LITTLE RED RIDING HOOD is one of the great primal fairy tales. It is, arguably, also one of the first, best, and weirdest of a strange cinematic sub-genre one might call “horror films for children”. This gruesome and grizzly tale would assuredly raise the hair of a small mind, and boasts scenes which are still somewhat unnerving today.
In particular, the Goblin’s Abode, i.e. the Wolf’s Den, is a literal cave of horrors, with many creepy elements stolen directly out of the horror movie canon (skeletons, demon faces in the dark, giant spiders, mass graves, etc.)
And when is the last time you saw a small child in a fairy tale confronting the Devil himself, and sending him to scurrying by invoking the spirit of Jesus Christ?!?
Yep, this is a wild one alright, and it’s not just the horror touches. There is an uncomfortable sexuality to the film which is part of its manic charm.
The relationship between Red, the Wolf, the Skunk, and in fact, the whole community (all of which may be intact in the original Perrault tale), could be interpreted in the classic Freudian sense as the painfully erotic struggle between lust and innocence, evil and good, or simply dirty old men and sexy youth…
When you absorb the fact that in this film, there’s a grown man in a mangy suit drooling constantly over a virtually pubescent girl-child, you have one of the great “boners” of kiddie-cinema history, or as one viewer put it, “a triumph for creeps everywhere!”
His animal lusts and appetites aside, the Wolf acts like a bald-faced pedophile. He has an unending supply of sheep and other animals, and even several other human children, one of which he imprisons in his terrible cave of horrors. Why then, does he lust especially after Red? Is it because he has a crush on her?
This uncomfortable connection between hunger and child-lust is given further credence by a shocking shot in the original production, which was (wisely) cut by Murray & Co.: the Wolf pictures Red as a roast pig, laying on a platter, and begins to carve her up!
Indeed, Red seems to be the focus of a great deal of attention from all the male “members” of her community. When she meets the woodmsen, they can’t wait to hug her and touch her and carry her around on their broad shoulders. At the village festival, giant sweaty musclemen do battle with each other in order to win a kiss from her.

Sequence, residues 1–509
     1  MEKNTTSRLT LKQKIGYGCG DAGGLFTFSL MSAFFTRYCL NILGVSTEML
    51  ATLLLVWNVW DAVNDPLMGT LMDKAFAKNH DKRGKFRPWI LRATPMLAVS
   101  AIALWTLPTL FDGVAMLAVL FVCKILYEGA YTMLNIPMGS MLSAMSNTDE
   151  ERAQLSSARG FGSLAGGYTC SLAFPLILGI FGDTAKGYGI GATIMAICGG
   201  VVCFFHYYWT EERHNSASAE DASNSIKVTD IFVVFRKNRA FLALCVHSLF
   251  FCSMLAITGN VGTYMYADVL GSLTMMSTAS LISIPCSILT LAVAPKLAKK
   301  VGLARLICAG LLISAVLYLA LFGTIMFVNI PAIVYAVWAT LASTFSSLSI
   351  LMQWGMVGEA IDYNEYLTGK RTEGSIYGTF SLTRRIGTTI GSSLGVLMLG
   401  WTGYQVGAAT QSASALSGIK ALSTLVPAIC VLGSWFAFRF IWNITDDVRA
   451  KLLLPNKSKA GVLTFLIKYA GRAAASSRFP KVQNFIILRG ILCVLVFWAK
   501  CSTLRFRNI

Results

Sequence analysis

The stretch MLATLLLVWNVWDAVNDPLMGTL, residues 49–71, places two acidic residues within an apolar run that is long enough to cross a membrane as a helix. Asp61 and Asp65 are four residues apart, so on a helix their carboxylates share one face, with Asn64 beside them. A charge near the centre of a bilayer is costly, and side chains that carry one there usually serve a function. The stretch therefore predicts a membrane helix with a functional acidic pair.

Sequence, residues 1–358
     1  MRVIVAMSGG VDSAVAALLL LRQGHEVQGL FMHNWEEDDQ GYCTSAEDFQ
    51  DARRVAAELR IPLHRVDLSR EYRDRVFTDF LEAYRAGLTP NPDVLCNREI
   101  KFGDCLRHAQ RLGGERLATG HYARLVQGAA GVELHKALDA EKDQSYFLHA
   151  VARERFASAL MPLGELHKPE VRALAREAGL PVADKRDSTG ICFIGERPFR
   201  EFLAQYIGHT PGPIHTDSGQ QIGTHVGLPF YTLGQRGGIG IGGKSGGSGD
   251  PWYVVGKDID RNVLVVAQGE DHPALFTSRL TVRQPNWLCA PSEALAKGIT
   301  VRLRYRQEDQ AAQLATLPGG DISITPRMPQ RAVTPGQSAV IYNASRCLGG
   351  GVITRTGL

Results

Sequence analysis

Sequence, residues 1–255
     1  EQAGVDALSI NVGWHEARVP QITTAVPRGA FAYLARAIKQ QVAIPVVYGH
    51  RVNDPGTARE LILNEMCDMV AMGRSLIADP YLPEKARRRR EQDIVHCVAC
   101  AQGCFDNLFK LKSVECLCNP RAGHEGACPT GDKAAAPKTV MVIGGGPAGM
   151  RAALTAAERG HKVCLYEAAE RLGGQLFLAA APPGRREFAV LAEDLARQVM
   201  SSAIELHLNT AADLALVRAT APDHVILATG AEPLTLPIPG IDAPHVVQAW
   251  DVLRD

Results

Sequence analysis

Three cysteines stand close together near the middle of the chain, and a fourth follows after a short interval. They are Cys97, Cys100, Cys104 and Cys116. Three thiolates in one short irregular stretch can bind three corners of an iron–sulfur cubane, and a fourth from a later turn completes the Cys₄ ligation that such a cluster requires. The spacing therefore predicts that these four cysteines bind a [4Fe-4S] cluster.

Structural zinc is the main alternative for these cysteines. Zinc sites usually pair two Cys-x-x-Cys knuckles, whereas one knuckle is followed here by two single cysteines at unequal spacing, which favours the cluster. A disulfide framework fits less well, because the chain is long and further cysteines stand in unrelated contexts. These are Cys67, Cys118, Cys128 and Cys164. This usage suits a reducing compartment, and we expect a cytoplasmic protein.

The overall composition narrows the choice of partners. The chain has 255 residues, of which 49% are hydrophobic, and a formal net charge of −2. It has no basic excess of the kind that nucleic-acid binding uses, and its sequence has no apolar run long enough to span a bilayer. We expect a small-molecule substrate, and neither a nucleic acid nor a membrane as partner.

In short, Red is a sexual pawn and/or sex object of the male life-force of this fairy tale world, and while this is, again, implicit in the Perrault tale, the Mexican filmmakers sure knew how to run with it!
One may view Red as the chosen queen of the village, or just a conceited little bitch. Her elevation to goddess-like status, even amongst her peers, is quite curious. Its almost as if she has been unconsciously chosen by the group as their token fertility goddess.
The Wolf’s helper/familiar/lover/slave is the unfathomably weird Stinky the Skunk (called just “the Skunk” here), an androgynous creature who is supposed to be sympathetic and comical, but comes across often as just demonic, with his spastic motions, hyper-attenuated speech, crass subservience, and unending, demented, infernal cackle.
Many of the Skunk’s actions in this film, including procuring children for his master, are evil actions, so he must be evil. Yet he tries very hard to portray himself as harmless, jolly, and most of all, an animal lover: he falls in love with Red’s parrot, and we can’t be sure the attraction is platonic, especially when he warbles, “point your tail in my direction!” to the horrified bird.
To put it bluntly, we sense that the Wolf and the Skunk have a (quite possibly romantic) sado-masochistic relationship, a creepy hunch which comes full circle in their last film, THE QUEEN’S SWORDSMAN, in which Wolf and Skunk have set up housekeeping, and are raising a (human) child.
The constant beatings Wolf gives to Skunk, often for no apparant reason, make their scenes look like outtakes from COPS in Fairy Land! These scenes are so un-PC, they are likely one of many reasons this film will never again see the light of the broadcast day.
There’s also a weird culture clash in this film; obviously Latino icons vie for attention with pseudo-Bavarian touches, and we feel we’re lost in some “World Village”, like something one might find at a low-budget Disneyland.
The dubbing, especially of the animals, is astoundingly bizarre, and although much of the Skunk’s gibberish is indecipherable, what we can hear implies that he’s often making cryptic, mumbled, off-color comments, similar to Popeye in the Fleischer cartoons. When one has the opportunity to slow down or play back some of the speeches thanks to video, the results are both stunning and rewarding.
The translated/dubbed songs are a riot as well: Red sings her vanity piece TWICE, as one would a bad opera. The Skunk chirps a hyper “serenade” to his parrot paramour, with strangly suggestive lyrics. The Wolf insults Red’s grandmother as he cooks her, and sings a song about how tough and crummy she’s going to taste!
LITTLE RED RIDING HOOD is one of the great Mexican fairy tales, a singularly unique experience, and a really odd duck for weirdoes of all ages.
special restored edition, color, fullscreen, mono, dubbed in English. DVD-R comes packaged as shown in color DVD case, wrapped in plastic!